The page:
Yesterday’s declassified documents on the Section 215 (and Internet Trap and Trace) dragnets repeat something I observed about a James Clapper declaration submitted in several FOIA cases related to the program: they all redact parts of the description of what allows the government to search on an identifier. While the government is happy to tell us searches are limited to counterterrorism (and Iran), they’re still hiding some aspect of what constitutes an appropriate search.
Which is just one of the reasons I’m interested in something NSA Deputy Director John Inglis said in yesterday’s Senate Judiciary Committee hearing on the NSA’s programs. At about 1:22, he described the selector they used to find Basaaly Moalin this way:
We knew a number that we had reasonable suspicion was affiliated with a terrorist group plotting against the homeland.
This claim — that the number was not just connected to a terrorist group, but a group “plotting against the homeland” — is new, as far as I’m aware.
Remember, the terrorist group in question is al-Shabaab. Other officials have said they got this number in October 2007 and court documents show the wiretap of Moalin began in December 2007. Yet al-Shabaab wasn’t listed as a Foreign Terrorist Organization until February 2008. If they were plotting against the US in October 2007, why weren’t they listed at that point?
I’ve long assumed (though it is just an assumption) that the number in question was that of Aden Hashi Ayro, a Somali warlord whose calls with Moalin were submitted as evidence in his case. Ayro was killed by a US missile on May 1, 2008. And it’s possible the claim that the pre-FTO al-Shabaab was plotting against our “homeland” pertains to him and his alleged ties to al Qaeda.
Here’s how a June 2008 WikiLeaks cable celebrating Ayro’s death described him.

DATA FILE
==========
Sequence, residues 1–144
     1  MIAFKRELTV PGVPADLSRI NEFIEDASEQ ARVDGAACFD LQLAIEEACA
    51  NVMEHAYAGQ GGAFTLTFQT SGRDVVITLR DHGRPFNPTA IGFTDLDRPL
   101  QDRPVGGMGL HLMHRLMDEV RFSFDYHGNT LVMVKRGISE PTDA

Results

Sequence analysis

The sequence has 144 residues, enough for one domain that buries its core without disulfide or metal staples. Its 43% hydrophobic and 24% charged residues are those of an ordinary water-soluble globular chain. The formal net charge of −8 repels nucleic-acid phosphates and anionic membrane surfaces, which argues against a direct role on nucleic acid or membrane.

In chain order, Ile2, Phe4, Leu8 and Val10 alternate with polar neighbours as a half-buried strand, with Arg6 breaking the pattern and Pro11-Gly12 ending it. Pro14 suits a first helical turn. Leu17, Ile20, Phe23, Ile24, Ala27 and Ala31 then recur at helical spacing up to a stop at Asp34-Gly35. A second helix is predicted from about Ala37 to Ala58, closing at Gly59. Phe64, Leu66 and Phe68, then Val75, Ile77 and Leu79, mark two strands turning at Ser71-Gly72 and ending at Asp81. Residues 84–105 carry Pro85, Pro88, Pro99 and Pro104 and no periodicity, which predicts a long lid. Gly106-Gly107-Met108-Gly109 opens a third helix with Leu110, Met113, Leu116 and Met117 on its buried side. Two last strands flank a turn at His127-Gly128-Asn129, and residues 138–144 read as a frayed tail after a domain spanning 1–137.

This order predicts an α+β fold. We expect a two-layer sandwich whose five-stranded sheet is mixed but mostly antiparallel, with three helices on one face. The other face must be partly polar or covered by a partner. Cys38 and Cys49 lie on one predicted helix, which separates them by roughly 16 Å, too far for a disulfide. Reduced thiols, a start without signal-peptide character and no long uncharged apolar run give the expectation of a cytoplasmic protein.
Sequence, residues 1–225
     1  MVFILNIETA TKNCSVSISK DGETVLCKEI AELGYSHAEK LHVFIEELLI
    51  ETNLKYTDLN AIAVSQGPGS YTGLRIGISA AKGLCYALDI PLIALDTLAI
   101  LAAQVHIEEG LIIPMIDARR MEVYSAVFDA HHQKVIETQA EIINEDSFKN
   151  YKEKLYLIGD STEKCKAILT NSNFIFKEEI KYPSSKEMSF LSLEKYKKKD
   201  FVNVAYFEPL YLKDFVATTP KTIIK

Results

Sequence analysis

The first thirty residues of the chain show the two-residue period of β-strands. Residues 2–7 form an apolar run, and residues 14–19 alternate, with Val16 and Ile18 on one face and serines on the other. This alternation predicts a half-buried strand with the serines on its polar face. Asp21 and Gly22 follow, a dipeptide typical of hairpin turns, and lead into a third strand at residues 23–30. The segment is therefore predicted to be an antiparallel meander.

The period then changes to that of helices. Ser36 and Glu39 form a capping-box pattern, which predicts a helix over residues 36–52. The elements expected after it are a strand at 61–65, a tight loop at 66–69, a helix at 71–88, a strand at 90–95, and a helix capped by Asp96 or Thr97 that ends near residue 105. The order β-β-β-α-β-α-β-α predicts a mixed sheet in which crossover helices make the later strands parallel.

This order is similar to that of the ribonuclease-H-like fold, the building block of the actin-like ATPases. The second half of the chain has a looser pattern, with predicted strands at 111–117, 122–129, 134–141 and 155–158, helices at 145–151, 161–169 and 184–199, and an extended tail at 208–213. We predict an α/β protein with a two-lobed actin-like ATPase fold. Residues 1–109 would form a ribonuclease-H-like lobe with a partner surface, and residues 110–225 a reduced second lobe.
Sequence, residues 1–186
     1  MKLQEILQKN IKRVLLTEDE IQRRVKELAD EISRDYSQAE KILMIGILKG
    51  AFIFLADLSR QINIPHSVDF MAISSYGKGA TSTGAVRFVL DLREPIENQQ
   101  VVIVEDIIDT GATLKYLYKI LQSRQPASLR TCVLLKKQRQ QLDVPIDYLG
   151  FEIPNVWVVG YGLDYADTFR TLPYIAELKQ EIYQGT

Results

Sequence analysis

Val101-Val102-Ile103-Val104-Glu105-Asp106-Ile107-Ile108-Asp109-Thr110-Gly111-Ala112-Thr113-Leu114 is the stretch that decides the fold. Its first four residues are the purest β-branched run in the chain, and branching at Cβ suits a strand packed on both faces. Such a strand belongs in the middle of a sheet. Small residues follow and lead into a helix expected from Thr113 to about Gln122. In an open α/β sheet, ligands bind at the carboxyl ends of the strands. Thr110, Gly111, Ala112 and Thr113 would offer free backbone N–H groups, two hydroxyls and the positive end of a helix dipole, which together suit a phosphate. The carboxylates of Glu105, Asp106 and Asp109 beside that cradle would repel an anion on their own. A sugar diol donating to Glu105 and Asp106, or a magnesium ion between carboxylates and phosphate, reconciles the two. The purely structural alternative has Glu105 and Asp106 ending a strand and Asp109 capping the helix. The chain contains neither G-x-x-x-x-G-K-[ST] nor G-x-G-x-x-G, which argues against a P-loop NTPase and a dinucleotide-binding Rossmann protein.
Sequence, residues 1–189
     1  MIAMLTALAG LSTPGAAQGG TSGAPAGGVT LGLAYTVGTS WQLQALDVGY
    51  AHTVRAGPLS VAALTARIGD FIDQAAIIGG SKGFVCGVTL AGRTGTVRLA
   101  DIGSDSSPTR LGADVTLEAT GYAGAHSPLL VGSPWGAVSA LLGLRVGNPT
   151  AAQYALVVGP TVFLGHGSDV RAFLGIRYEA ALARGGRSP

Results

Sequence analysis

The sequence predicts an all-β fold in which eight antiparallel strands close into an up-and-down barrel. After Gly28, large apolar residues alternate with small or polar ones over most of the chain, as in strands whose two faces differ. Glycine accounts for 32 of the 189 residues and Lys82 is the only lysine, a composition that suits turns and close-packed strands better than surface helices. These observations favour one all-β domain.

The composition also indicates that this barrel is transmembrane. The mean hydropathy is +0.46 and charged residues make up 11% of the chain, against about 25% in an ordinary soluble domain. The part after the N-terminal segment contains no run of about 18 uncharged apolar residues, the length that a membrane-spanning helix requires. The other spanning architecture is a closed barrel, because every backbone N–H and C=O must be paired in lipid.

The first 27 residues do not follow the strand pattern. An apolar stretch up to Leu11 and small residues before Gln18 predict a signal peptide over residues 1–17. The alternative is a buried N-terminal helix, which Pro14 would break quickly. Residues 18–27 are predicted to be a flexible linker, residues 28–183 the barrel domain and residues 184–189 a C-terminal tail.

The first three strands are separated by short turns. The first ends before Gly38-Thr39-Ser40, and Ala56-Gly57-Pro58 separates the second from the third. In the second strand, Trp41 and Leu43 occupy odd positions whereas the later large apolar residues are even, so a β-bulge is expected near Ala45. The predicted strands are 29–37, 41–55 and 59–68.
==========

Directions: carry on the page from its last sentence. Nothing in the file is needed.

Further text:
(S/NF) Senior Al-Shabaab leader and al-Qaida associate Aden Hashi Ayrow was killed May 1 during a U.S. strike. In the early 1990s, Ayrow joined the military wing of Al-Ittihad Al-Islamiya (AIAI) and traveled to Afghanistan in 1997 for unspecified training. Ayrow remained in Afghanistan for a year before returning to Somalia to participate in Jihadist activities, and returned to Afghanistan in 2001, reportedly meeting with Osama bin Laden. Ayrow emerged in the 2002/2003 timeframe as a firebrand extremist and he quickly became a rising figure in what eventually became the Shabaab. Mercurial and largely uncontrollable, he was feared for his ruthlessness and unpredictability.
(S/NF) Ayrow has been violently opposed to U.S. and western interests in East Africa. The Shabaab’s emergence as a terrorist threat in Somalia is closely linked to Ayrow’s rise to power. During the course of 2005, Ayrow’s jihadist group emerged in Mogadishu as a violent destabilizing force. He has been linked to the killing of foreign aid workers, dozens of Somalis, and BBC journalist Kate Peyton. He also was the figure largely responsible for the desecration of the Italian cemetery in Mogadishu. Ayrow’s al-Shabaab faction has also conducted suicide bombings and anti-aircraft attacks targeting Ethiopian and Somali forces in Somalia. Ayrow was closely associated with East Africa Al-Qaida (EAAQ) operatives Harun Fazul and Saleh Nabhan, and now-deceased EAAQ cell leader Abu Talha Al-Sudani. [my emphasis]
The label “al Qaeda associate” and the visit to Osama bin Laden may have qualified Ayro (as ties to Al Qaeda in the Arabian Peninsula did Ahmed Warsame) as something beyond al-Shabaab warlord in the US book. And Toronto Star’s Michele Shephard told me on Twitter that Ayro had global ambitions. Certainly, some of Ayro’s associates had ties to al Qaeda’s past and planned attacks on US embassies in Africa.
But Shephard and the WikiLeaks cable also both say that the immediate focus in 2007 was on Ethiopian troops who had invaded Somalia in 2006 with US backing. Read more